|Source: Cybercrime Review (detail)|
We’ve heard of phishing, hacking, or just looking over someone’s shoulder, but this approach is much more, as illustrated in the infographic Hacking the Mind from Veracode. Social engineering affects everyone. Perhaps a good way to describe it is human hacking.
Security Search describes it as away to trick people into breaking normal security procedures by gaining the confidence of the user. Our learners are particular vulnerable to this, because social engineering is designed to exploit the natural trust children have of others, to take advantage of their naïveté, or to prey on their weaknesses from not being fully informed.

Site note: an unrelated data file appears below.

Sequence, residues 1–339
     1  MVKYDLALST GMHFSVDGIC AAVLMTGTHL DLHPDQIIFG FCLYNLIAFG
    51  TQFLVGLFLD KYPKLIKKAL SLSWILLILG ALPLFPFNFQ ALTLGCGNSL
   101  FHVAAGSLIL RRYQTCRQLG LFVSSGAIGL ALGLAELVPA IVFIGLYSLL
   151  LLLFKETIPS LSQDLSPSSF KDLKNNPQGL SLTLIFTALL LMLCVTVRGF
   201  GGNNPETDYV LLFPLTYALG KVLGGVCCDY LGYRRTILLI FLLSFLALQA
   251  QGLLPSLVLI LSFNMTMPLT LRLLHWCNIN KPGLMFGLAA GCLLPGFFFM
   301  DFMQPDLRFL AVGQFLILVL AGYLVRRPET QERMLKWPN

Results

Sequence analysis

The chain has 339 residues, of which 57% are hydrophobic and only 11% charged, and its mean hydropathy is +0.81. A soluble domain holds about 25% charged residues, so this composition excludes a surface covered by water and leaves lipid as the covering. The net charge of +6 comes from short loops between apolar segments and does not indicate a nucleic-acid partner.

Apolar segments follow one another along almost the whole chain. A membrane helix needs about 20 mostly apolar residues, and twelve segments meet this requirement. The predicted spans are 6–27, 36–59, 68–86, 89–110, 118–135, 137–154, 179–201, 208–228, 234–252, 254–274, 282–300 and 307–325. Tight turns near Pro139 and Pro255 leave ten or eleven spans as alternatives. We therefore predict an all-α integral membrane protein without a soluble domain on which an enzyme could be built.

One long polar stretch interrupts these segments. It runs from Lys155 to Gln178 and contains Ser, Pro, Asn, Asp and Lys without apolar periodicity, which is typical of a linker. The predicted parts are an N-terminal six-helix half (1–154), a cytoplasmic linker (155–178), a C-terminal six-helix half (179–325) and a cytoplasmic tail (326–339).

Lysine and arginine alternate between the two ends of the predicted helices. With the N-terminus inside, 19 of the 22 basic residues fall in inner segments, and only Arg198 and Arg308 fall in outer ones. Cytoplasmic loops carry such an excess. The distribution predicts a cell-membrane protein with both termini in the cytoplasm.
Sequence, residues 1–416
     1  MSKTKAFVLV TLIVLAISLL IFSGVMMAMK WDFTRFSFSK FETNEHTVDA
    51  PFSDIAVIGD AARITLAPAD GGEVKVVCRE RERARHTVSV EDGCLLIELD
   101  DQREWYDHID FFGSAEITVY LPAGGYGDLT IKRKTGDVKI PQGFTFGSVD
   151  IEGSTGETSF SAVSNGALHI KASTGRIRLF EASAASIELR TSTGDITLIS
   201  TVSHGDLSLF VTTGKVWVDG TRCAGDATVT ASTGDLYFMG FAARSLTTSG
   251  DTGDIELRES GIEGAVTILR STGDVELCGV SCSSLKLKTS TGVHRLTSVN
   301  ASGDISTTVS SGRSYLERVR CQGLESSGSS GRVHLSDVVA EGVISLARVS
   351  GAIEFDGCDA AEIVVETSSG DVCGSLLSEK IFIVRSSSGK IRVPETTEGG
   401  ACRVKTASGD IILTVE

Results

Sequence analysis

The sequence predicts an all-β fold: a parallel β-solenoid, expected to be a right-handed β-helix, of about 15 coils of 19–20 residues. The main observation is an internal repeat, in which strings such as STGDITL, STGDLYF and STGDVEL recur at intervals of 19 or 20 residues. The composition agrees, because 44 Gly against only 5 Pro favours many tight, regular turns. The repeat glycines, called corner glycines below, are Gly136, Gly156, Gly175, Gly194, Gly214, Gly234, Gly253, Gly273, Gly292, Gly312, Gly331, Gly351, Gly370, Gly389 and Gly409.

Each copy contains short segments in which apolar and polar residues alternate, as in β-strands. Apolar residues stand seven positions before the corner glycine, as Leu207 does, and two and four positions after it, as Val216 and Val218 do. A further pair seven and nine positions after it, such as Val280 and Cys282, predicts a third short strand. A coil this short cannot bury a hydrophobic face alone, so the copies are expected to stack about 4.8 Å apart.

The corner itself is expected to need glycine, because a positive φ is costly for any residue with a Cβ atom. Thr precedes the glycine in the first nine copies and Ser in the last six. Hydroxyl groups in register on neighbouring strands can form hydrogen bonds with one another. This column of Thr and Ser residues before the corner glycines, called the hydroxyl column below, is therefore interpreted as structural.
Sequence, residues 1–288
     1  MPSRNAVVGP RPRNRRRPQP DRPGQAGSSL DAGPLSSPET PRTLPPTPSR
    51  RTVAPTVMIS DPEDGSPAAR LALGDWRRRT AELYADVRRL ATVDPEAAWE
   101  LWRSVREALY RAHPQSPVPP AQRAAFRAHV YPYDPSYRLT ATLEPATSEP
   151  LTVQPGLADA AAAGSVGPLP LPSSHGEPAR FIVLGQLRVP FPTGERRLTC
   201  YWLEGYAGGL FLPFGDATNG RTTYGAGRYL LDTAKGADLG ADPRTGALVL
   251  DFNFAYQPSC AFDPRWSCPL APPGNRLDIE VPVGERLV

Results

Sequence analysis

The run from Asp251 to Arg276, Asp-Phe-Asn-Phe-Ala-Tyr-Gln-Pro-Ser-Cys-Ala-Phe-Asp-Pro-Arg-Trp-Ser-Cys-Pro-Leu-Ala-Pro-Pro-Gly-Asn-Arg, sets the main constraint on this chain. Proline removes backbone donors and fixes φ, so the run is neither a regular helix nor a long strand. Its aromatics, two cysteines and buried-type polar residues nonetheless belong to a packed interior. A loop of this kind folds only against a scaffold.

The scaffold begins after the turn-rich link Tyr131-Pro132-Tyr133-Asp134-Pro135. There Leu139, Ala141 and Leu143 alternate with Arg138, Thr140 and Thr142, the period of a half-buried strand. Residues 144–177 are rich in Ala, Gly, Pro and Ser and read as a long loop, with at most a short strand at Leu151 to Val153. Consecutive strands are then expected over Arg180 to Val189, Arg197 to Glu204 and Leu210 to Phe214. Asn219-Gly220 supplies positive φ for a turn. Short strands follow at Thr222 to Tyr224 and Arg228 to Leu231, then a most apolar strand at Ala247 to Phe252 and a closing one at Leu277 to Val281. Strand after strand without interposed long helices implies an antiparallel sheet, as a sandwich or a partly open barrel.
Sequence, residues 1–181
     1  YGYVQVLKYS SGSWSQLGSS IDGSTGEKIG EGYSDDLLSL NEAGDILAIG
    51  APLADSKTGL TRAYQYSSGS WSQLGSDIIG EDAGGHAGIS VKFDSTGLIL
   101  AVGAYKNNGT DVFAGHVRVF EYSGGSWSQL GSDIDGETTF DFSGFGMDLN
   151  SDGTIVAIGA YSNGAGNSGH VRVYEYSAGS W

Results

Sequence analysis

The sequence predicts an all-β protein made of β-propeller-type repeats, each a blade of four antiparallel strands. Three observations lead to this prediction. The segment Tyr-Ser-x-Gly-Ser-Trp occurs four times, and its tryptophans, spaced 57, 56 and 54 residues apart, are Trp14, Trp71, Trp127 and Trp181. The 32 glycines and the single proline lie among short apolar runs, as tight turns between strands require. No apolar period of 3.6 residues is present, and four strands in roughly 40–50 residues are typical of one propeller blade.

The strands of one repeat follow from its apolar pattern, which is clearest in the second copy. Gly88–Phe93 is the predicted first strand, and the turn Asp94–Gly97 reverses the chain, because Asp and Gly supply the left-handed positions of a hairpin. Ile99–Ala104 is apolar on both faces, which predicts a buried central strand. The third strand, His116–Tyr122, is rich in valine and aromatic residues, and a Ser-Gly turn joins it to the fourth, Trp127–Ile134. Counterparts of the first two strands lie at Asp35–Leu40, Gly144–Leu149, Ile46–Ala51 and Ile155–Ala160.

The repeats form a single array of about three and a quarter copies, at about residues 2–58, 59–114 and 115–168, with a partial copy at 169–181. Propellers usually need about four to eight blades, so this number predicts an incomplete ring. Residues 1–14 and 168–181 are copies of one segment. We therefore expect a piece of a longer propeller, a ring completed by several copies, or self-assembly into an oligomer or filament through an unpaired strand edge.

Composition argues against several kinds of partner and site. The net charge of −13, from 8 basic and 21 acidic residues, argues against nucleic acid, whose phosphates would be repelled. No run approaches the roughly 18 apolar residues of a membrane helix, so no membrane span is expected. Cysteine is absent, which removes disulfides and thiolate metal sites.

As we’ve mentioned many times before, we find that visualizations help to seal the deal and make the message better understood. Our young learners have a lot to think about in the digital world. Anytime we can give them one more view of how to protect themselves from online scams, the better.